Is that what college football is all about – playing meaningless games and avoiding challenges?

Of course not! College football is about overcoming obstacles, rather than avoiding them.

Alabama had its chance against an undefeated LSU team. They had two weeks to prepare for the game. They also had the advantage of playing the Tigers inside the friendly confines of Bryant-Denny Stadium. Unfortunately, they lost a nail biter in overtime 9-6. They do not deserve another shot at the BCS title against an undefeated LSU team because they already had the opportunity, and failed to win.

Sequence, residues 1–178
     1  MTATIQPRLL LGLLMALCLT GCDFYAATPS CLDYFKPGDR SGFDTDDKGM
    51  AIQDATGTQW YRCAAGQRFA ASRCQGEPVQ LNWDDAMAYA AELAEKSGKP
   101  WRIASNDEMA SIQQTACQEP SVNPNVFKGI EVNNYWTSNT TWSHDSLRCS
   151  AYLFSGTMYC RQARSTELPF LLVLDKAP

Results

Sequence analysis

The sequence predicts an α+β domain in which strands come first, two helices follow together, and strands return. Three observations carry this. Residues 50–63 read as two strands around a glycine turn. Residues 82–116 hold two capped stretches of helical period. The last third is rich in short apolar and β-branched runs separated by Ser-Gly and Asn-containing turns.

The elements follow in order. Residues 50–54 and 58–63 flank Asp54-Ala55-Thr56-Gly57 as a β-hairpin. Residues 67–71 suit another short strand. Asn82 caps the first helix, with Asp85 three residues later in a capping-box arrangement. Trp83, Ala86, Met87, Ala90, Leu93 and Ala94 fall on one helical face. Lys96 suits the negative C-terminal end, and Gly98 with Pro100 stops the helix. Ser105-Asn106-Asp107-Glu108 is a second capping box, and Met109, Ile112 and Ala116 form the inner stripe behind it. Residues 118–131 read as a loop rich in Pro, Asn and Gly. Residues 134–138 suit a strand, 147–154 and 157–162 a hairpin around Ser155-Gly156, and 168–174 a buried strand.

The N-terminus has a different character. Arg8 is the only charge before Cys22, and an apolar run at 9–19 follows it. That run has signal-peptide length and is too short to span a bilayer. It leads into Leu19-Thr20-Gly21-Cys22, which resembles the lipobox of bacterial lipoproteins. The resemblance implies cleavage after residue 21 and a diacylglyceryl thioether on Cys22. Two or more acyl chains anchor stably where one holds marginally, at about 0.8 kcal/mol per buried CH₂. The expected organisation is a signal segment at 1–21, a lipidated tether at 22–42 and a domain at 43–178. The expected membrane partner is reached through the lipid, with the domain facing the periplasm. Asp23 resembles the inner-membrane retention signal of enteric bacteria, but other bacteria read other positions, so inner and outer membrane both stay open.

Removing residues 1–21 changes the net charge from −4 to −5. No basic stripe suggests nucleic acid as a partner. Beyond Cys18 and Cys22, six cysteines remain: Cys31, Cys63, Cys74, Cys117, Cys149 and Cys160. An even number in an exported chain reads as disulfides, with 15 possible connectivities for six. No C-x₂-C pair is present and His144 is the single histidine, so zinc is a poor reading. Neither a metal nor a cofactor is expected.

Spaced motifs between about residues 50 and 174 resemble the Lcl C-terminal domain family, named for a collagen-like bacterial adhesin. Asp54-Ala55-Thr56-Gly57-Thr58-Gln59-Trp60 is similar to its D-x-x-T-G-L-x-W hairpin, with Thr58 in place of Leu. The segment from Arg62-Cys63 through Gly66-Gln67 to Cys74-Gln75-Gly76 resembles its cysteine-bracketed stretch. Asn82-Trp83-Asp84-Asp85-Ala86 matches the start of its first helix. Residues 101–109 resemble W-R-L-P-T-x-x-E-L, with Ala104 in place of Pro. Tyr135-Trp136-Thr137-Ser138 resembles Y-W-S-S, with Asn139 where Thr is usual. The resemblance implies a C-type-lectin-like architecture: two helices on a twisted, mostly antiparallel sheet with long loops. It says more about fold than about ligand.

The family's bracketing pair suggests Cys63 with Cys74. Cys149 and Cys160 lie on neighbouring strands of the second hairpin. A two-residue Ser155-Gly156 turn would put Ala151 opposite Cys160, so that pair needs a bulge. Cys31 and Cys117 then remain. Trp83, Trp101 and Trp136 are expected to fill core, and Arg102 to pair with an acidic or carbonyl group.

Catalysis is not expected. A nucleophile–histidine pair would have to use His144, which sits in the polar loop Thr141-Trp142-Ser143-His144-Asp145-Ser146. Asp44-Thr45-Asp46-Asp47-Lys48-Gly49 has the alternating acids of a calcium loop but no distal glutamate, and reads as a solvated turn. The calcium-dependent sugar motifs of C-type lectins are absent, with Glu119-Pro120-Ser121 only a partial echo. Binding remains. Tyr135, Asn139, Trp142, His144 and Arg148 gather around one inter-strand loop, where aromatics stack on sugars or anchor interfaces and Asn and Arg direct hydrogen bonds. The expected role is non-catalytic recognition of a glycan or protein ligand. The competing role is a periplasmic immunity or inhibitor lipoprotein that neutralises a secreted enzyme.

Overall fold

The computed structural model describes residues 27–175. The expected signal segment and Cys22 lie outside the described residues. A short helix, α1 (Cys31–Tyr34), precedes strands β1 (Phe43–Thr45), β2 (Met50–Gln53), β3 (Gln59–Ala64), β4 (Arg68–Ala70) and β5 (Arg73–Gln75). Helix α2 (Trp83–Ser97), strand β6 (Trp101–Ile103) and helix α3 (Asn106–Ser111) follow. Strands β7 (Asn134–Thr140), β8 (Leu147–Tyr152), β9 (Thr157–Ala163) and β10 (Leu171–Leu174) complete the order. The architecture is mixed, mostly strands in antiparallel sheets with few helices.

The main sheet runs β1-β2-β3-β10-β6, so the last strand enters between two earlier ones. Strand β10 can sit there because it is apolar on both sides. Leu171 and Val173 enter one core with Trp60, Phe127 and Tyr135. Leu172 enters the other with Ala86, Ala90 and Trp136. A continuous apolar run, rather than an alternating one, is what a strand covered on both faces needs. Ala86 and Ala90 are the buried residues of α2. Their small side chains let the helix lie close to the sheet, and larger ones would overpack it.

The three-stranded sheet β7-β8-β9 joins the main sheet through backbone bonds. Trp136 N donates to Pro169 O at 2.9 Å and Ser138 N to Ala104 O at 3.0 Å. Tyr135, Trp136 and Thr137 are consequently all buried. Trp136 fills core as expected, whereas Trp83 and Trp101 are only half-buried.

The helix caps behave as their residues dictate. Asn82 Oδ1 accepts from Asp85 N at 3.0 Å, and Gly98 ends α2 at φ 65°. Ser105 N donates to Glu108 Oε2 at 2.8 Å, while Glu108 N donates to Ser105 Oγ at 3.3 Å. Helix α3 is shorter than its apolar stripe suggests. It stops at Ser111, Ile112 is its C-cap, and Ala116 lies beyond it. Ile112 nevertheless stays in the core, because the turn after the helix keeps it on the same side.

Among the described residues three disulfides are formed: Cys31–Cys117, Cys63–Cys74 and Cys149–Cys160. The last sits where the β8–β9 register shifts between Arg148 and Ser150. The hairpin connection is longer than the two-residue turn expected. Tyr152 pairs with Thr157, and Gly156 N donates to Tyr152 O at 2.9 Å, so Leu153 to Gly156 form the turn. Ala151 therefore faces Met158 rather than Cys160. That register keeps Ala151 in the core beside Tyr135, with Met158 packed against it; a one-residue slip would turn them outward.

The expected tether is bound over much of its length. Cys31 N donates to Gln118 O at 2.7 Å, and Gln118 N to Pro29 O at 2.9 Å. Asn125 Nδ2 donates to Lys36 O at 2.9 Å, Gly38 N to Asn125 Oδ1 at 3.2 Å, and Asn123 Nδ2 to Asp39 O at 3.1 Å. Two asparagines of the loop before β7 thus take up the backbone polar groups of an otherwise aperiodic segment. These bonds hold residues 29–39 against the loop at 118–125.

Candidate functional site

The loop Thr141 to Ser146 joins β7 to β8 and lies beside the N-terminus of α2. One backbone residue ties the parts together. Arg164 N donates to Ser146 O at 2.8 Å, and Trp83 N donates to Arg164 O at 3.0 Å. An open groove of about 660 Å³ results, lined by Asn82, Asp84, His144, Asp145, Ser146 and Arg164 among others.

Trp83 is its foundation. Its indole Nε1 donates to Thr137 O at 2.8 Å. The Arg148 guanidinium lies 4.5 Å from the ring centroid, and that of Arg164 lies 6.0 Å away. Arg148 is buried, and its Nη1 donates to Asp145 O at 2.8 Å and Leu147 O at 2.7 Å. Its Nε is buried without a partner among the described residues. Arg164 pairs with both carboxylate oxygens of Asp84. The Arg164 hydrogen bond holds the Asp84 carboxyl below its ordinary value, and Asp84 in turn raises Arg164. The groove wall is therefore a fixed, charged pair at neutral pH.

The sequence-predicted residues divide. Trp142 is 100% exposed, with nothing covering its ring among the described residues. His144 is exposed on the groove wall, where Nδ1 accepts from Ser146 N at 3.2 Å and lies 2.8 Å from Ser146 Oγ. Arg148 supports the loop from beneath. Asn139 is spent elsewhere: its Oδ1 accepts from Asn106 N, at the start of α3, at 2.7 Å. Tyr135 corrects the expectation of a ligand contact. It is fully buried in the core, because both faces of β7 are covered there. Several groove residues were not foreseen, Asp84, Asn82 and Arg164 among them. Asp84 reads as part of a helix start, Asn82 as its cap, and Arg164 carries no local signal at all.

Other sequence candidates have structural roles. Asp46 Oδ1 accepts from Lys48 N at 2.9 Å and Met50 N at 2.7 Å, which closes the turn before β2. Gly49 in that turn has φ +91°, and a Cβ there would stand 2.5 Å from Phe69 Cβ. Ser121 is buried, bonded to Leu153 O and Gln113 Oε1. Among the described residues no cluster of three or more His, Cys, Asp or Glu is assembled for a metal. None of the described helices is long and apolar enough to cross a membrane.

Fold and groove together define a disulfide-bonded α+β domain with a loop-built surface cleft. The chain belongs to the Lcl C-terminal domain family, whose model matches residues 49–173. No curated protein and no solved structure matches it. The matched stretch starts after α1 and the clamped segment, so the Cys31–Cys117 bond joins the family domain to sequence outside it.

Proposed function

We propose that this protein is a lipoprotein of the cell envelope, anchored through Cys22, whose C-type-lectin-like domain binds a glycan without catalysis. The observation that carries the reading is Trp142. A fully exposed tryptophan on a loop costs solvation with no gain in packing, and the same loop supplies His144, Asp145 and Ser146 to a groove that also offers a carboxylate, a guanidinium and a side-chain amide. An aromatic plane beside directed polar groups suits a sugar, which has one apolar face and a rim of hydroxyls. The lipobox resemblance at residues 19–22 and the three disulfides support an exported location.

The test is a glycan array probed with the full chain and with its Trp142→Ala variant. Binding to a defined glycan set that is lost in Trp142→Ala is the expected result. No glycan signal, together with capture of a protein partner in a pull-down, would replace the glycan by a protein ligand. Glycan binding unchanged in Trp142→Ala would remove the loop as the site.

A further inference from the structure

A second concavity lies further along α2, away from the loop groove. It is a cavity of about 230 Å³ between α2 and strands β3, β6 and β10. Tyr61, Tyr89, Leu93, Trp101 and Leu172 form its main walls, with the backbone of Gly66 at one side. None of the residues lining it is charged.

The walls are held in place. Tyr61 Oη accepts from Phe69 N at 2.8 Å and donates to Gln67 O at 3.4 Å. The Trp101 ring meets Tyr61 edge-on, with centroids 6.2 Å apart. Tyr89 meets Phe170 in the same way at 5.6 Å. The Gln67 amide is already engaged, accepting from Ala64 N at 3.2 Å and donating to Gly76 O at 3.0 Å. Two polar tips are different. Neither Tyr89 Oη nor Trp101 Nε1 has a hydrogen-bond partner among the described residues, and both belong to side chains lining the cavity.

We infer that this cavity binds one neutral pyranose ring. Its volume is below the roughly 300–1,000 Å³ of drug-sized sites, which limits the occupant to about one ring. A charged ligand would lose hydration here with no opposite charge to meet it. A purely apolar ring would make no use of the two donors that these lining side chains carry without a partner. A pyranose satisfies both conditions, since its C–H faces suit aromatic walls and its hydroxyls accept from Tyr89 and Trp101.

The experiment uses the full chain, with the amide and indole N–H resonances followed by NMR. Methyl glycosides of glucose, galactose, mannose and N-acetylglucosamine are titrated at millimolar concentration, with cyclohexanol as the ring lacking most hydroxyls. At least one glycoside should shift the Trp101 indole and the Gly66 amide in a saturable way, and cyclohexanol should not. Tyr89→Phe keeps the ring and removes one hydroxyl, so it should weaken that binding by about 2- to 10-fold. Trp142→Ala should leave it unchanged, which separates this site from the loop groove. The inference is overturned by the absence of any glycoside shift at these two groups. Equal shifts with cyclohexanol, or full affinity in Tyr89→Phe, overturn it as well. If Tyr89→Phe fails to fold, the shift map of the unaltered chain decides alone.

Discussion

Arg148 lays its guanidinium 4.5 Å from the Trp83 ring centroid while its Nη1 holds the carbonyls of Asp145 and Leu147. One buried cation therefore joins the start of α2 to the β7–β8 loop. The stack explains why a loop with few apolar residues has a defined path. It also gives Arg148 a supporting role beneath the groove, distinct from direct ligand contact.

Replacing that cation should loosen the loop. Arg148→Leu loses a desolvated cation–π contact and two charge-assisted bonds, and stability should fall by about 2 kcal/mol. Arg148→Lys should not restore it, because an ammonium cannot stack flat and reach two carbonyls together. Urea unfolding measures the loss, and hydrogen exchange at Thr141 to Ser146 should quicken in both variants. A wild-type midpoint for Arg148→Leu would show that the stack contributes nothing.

However, if Arkansas should defeat LSU this weekend, I would have no problem with Alabama as the national champion. The loss to Arkansas would knock LSU out of the SEC Championship game and send Alabama to Atlanta in their place. In order for LSU and Alabama to meet again in New Orleans, the Crimson Tide would have to win the SEC championship.

So why would be I okay with Alabama winning the national title in that scenario?

Because in that case, the Crimson Tide would be the SEC West champion, the SEC Conference champion, and BCS Title game champion.

No one could refute that argument.

Please follow me on Twitter @TPJCollFootball